As the cool evening nights of October draws near and Lumberjack football heats up in this modern high-scoring, take-no-prisoner style of football that now permeates Warren; all I can think about on the cool, fall evenings at a high school football game are Mary Lou Martin’s signature Chili Hotdogs.
Years ago, I went back for a football game and the Lumberjacks were certainly taking care of business on Monticello High down on the field, but I had to wander up to the new concession stands at the new Jim Hurley Stadium.
Oh, it was a Blessed ball game, with Warren winning, but a dark truth came to light and changed the evening.
The only disappointment of the entire evening was when I walked down to the end zone concession stands only to find there were none – no not a single one – No Mary Lou Martin Chili Dog – for sale.
It wasn’t as if they had run out….
They just do not have them anymore.
What a shame!
Ah, the simpler days of yesteryear.
The games at old O.O. Axle Field, (just like at the new Jim Hurley Stadium), were indeed social, athletic and cultural events for all of Warren.
And the concession stand fare was, while limited, simply delicious.
I have always found it somewhat funny that the WHS Band Booster Concession stand would NOT sell chocolate candy bars – due to the heat and the chocolate melting and making a mess.
But yet, the concession stand sold bubble gum, which Mr. Martin viciously hated.
He just loved to call out a gum chewing band member, the demerits would fly when the gum chewing culprit was found out among his charges.
But Mary Lou Martin’s Chili Dogs were, well, they were and still are to absolutely die for.
Accept no imitators.
For none can be found in all of the entire Arkansas High School football concession stands.
Nothing like them was ever for sale in the old Arkansas Intercollegiate Conference schools at Magnolia, Monticello, Russellville or Arkadelphia.
And even today in the SEC, with its sights on taking in that training school down in Austin, Texas or that community college in Norman, Oklahoma, none has chili dogs like the Lumberjacks fans once enjoyed.
Don’t try to perfect this recipe – that would be blasphemy.
So as to keep those uninitiated people from imagining what was in the chili dogs; here is the handed down, the absolute recipe.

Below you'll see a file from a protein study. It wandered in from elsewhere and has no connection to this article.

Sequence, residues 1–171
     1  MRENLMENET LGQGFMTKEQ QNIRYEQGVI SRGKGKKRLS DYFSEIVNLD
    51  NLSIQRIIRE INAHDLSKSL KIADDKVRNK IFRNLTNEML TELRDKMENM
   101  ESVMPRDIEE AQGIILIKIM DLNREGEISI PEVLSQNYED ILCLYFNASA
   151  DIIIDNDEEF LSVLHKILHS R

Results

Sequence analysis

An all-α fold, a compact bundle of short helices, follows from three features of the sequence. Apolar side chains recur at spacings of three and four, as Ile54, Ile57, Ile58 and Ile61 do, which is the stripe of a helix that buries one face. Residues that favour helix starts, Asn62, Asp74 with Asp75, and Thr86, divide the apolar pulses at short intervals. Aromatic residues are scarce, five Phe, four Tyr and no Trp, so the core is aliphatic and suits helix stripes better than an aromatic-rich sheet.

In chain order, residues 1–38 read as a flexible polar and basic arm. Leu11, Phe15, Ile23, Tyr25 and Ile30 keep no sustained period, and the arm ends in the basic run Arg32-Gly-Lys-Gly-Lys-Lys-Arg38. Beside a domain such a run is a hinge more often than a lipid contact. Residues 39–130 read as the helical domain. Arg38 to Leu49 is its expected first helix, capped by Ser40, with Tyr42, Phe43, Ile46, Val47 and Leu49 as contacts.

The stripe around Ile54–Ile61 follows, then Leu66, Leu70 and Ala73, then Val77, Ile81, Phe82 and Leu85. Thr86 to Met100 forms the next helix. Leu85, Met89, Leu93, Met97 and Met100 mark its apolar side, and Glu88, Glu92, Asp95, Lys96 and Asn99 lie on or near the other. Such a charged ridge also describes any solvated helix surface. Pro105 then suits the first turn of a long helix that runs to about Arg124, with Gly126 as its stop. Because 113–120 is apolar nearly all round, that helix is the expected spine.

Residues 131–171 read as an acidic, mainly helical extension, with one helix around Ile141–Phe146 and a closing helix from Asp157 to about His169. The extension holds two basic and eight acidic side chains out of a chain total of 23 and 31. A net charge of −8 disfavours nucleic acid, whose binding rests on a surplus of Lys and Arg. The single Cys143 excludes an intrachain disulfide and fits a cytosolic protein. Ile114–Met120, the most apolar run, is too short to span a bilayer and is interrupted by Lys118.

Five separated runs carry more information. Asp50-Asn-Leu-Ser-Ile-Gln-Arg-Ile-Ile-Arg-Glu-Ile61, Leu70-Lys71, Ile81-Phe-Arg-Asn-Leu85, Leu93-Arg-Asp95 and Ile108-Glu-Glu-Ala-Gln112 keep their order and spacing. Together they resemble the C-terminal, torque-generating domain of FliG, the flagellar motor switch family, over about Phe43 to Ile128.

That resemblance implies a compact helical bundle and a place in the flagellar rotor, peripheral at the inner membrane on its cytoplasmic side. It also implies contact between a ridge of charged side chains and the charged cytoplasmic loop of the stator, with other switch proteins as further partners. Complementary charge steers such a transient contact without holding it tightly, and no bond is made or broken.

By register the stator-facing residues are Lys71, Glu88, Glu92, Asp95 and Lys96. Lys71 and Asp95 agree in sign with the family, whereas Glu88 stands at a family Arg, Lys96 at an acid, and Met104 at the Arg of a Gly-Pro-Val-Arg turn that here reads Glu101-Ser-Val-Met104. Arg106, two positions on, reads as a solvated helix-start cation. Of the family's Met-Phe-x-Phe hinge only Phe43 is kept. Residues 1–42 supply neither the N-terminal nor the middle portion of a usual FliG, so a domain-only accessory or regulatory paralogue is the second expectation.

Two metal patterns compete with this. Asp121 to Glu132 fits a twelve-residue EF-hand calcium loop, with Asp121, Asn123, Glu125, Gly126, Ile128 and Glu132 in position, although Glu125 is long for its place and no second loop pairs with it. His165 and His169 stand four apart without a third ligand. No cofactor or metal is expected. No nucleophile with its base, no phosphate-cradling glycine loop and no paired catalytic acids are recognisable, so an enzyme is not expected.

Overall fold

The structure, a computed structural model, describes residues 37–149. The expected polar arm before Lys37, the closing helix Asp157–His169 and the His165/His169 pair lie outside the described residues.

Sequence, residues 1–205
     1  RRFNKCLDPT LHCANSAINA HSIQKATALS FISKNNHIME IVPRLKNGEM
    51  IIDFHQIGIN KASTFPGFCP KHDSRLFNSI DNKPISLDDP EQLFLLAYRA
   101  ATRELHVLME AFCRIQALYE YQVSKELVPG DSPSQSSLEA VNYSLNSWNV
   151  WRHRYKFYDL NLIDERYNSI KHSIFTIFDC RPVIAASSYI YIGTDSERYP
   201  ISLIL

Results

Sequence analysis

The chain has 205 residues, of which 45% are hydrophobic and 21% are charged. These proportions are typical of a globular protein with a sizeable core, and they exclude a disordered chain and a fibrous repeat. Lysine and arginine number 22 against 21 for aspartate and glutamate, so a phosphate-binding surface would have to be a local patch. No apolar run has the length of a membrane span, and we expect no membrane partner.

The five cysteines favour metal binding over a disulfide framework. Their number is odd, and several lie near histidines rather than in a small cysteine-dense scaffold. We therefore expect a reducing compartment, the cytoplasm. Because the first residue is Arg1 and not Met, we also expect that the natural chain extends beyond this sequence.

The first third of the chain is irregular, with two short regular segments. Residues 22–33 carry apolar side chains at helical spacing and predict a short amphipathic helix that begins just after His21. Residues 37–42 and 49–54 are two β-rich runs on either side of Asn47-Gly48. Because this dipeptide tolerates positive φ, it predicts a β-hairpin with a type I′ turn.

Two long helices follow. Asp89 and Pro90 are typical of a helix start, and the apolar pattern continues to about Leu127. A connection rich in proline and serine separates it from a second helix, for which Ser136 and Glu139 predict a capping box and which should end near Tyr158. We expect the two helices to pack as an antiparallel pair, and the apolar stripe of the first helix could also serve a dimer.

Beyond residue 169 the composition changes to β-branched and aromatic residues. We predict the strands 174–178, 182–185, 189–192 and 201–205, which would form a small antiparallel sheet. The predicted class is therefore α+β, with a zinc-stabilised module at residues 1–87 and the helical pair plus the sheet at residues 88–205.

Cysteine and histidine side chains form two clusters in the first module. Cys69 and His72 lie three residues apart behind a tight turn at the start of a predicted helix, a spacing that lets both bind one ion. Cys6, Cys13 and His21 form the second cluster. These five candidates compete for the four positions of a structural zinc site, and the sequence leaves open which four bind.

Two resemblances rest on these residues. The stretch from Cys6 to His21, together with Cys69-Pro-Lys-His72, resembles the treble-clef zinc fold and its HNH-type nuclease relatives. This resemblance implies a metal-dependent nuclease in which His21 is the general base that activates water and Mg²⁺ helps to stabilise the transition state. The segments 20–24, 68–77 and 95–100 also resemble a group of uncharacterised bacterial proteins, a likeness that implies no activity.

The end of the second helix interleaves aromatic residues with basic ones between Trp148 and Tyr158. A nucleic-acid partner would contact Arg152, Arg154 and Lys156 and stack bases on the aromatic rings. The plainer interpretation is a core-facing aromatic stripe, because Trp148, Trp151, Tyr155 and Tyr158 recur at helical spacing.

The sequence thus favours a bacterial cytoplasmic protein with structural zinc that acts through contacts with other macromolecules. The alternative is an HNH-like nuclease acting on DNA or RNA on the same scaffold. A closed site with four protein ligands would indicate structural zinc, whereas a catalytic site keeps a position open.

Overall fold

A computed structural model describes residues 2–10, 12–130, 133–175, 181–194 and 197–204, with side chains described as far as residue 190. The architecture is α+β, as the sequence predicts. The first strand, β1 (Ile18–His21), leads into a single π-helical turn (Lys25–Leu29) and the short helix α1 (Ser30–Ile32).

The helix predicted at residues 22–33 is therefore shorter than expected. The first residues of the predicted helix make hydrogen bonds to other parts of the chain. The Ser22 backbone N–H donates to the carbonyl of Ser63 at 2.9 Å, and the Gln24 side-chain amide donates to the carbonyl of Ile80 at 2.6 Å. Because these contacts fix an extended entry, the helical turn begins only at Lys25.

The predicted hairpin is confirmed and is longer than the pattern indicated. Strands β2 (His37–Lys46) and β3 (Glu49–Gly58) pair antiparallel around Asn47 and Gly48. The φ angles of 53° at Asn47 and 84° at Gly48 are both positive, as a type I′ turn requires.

Hint: If you have to ask what’s “a block of 4-star chili” – back away and ask any elder person you might know beyond the age of 65 for help.
From my longtime friend, Gayle Green Plumb’s post, here is the official Marching Lumberjack recipe from the kitchen of Mary Lou Martin.
Mrs. Martin’s chili recipe:
- 1 block chili – (4-star chili works best)
- 1 cup water
- 1 can tomato sauce
- 1 pkg chili seasoning
- 1 tsp salt
- 1/2 tsp garlic salt
- 1/2 tsp onion salt
- 2 tbsps. cornstarch
- 1 tbsp. Tabasco or 1 tsp hot pepper relish
- Mix chili with water and boil until chili is melted.
- Add the rest of the ingredients and bring to a simmer.
- Put chili on both sides of the hot dog bun and place a hot boiled wiener in the middle.
Smell that concoction and raise the paper wrapped treat to mouth level and chow down.
Now, take a breath, raise your head back down and plow right into that messy, tasty chili dog, again.
Repeat until all that’s left is a stained piece of paper.
The chili dogs were always the best after Oct. 1, unless there were colder, rainy, wet Friday nights in September.
They were so delicious, when Lumberjack fans traveled to away games, the cold, slimy, boiled wieners served with mustard, mayo or even ketchup at such destinations as Camden, Magnolia, Hope, McGehee or even Monticello, couldn’t get near to its texture, flavor and taste.
The late Austin Rotton, the game clock and scoreboard operator at O.O. Axley Field was among many who had a standing order for a pair of the delicious hotdogs at half-time.
Other standing orders came from the chain gang (even its aging supervisor Watt Childs) and Jackie Scobey, the longtime film guru of the old silent black and white 16 mm game films, would climb down off his perch for a band concession stand chili dog at half time.
No one wanted the concession stand to run out.
Even our quiet and reserved school superintendent Mr. James M. Hughes, loved those chili dogs.
He was the only guy at the games wearing a tie but he loved those chili dogs. I can see him with his tie slung back over his shoulder to keep the chili from dripping on his tie, as he devoured a chili dog or two during the evening.
And I have to wonder how many buns the Colonial Bread man brought to the games.
Could it have been more than 12 dozen? or 20 dozen? Heck I have no idea how many chili dogs they would sell on a cool Friday night.
A veteran group of voluntary band parents kept vigil over the concessions stand. I can see Sue Woodard, Freda Green, Nina Forest, Nell Reep, Ruby Garrison, Lummie Reynolds, and a collection of others huddled around in the band concession stand gently stirring up the chili mixture, slathering the brown-gooey concoction on the buns, plopping in the steam wieners and handing them out over the crowded standing-room-only throng throughout the night.
Just how many of those hot, woolen black and orange military style uniforms were purchased from the proceeds of those delicious chili dogs?
Pastimes like this one still taste good .. oh, yes, they do.